# "Chop rate"?

The term “chop rate” has been brought up a few times in the thread about the new speed controllers, but I’m not quite sure what it means. A few quick searches yielded little information; can anyone please explain? Thanks!

To simplify, a motor controller has a few key variables:
Duty Cycle - What percent of the time is it “on”?
Chop Rate - How often do you switch?
Update Rate - How often do you change your duty cycle?

If you want to learn more, I’d suggest looking at Class D (audio) amplifiers, and compare them to the other options.

A little bit of background on how motor controllers work. Ideally we would vary the voltage going to the motors to control them. We don’t do this because the circuitry to do so would be overly complex. Instead we do something called PWM(Pulse Width Modulation). In pwm the controller can only switch the motors to full supply voltage or 0 volts. We acheive the effect of ‘part throttle’ by switching the motors on and off very rapidly. The percentage of the time that they are on is called the duty cycle and is usually measured in percent. The number of times we switch them on and off per second is the pwm frequency or as you referred to it ‘chop rate’. The motor has a high inductance so it smooths out the signal.

The wave forms look something like this if you plot time on the x axis and voltage on the Y. In the graphs shown below the duty cycle varies but the pwm frequency is constant.

``````0% duty cycle
|____________

25% duty cycle
|-___-___-___

50% duty cycle
|--__--__--__

75% duty cycle
|---_---_---_

100% duty cycle
|------------
``````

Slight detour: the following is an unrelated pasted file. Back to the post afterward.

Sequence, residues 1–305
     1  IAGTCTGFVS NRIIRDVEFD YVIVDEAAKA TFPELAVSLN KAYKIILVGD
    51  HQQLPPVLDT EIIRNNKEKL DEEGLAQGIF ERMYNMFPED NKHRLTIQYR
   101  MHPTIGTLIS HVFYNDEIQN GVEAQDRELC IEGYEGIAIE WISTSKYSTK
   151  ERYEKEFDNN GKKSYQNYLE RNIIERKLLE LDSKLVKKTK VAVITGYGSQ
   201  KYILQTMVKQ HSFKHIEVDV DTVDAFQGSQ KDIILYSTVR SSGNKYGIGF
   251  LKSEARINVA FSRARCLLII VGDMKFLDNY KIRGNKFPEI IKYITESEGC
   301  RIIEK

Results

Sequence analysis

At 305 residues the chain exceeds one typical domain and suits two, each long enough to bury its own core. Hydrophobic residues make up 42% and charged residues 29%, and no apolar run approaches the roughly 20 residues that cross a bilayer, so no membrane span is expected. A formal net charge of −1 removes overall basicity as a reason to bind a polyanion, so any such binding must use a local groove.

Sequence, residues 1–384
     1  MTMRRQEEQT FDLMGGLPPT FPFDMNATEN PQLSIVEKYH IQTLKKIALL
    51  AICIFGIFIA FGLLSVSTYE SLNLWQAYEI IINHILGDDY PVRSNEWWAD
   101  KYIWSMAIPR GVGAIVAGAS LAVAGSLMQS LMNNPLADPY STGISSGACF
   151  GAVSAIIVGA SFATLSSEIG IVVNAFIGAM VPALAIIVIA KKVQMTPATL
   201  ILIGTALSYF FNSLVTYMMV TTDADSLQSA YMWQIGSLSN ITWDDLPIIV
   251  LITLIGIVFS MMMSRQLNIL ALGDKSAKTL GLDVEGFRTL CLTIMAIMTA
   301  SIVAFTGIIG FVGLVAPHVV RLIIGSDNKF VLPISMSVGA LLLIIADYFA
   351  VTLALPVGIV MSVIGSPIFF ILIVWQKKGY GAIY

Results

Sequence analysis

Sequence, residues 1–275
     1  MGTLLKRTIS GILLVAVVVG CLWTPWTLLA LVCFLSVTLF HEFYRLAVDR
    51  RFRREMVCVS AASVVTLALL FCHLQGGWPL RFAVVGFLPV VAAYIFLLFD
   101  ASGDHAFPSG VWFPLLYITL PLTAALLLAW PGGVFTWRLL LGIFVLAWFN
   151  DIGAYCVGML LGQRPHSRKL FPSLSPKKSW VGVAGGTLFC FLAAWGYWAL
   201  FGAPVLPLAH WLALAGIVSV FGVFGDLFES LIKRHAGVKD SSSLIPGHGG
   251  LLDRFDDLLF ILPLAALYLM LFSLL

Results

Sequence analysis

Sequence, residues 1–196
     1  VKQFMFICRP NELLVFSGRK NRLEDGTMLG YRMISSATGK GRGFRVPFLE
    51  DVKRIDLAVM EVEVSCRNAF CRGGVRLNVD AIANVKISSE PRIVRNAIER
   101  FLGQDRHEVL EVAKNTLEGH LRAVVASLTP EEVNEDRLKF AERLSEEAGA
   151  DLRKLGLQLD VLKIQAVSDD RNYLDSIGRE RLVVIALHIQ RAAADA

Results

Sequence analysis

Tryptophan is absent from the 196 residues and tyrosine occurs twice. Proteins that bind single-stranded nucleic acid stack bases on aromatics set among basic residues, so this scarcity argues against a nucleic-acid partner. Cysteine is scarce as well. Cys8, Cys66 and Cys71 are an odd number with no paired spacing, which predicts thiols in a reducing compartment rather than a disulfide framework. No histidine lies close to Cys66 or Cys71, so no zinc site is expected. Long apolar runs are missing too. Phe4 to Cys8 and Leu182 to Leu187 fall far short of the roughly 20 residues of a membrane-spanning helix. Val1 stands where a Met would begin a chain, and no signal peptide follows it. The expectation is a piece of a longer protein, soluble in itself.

The pwm frequency effects a number of things including system dynamics, energy waste, motor insulation and audible as well as emi emissions. The pwm frequency is usually in the audible range of human hearing which results in whining noises. The industrial motor controllers i deal with a work have a default pwm frequency of 4khz. Someone is playing with a motor a few cubicals down as i write this and it is rather annoying.

More importantly PWM frequency effects heating. If your PWM frequency is too high, you will unnecessarily waste power heating up your motor controller as it switches on and off. If the frequency is too low, you can heat up the motor. If you went to an extremely low frequency your system would start jerking, becoming nonlinear and generally behaving strangely.

the manufacturer controls the PWM Frequency right? Could faulty PWM cables effect the frequency?

Thank you, especially Rickertsen2, very much for your replies. Not only do I have “chop rate” cleared up now, but I’m much clearer on the functioning of the motor controllers in general, now.